If you have or have had any of the listed conditions, we strongly recommend you consult a physician before beginning breathwork.

Samantha Skelly may be doing breathwork on the call, so please review the following:

Breathwork may not be for you if you have the following conditions:

  • Pregnancy
  • Detached Retina
  • Glaucoma
  • High Blood Pressure (not controlled with medication)
  • ​Cardiovascular disease including angina, previous heart attack or stroke.
  • ​Diagnosis of aneurysm in the brain or abdomen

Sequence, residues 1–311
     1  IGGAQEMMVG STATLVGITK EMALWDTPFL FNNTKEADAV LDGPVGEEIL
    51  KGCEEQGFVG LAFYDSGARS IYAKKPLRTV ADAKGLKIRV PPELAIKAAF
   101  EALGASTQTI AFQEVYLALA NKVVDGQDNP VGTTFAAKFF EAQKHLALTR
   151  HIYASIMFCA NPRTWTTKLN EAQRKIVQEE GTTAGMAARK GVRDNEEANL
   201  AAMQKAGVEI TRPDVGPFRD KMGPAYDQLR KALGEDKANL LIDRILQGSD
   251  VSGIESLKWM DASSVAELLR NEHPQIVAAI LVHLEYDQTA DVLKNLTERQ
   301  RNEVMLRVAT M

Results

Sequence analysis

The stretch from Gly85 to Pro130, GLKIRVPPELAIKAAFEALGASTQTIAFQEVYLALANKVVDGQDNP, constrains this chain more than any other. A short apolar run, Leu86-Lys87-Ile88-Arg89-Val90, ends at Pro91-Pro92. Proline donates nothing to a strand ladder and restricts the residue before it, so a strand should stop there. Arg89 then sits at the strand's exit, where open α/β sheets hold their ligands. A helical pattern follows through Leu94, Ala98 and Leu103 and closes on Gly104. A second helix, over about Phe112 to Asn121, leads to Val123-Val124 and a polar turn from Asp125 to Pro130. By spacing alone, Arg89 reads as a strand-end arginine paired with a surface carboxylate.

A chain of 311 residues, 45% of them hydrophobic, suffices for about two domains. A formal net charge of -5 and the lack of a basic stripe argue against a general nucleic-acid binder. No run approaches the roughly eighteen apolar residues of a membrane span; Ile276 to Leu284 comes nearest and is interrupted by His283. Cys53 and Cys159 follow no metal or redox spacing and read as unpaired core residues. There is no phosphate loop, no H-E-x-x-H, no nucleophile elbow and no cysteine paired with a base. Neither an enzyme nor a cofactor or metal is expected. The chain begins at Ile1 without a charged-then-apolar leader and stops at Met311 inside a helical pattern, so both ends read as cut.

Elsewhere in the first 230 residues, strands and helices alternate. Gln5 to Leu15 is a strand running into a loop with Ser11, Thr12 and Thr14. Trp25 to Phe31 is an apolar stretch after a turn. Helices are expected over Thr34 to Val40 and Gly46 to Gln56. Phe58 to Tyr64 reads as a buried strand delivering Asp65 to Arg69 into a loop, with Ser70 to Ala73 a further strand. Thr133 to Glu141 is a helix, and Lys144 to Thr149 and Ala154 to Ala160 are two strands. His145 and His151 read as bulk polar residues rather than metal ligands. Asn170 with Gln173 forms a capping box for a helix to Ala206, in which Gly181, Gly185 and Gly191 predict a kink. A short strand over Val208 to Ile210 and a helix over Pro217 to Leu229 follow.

• Uncontrolled thyroid conditions and diabetes
  • Asthma – if the client is asthmatic, ask them to bring their inhaler to the session.
  • Epilepsy
  • ​Prior diagnosis of bipolar disorder, schizophrenia or previous psychiatric condition.
  • ​Hospitalisation for any psychiatric condition or emotional crisis within the last 10 years.
  • ​Any other medical, psychiatric or physical conditions which would impair or affect ability to engage in any activities that involve intense physical and/or emotional release.
This list is not all inclusive and we generally recommend if you have a question about a condition you may have that is not listed, that you consult a physician before beginning breathwork.

If you have or have had any of the listed conditions, we strongly recommend you consult a physician before beginning breathwork.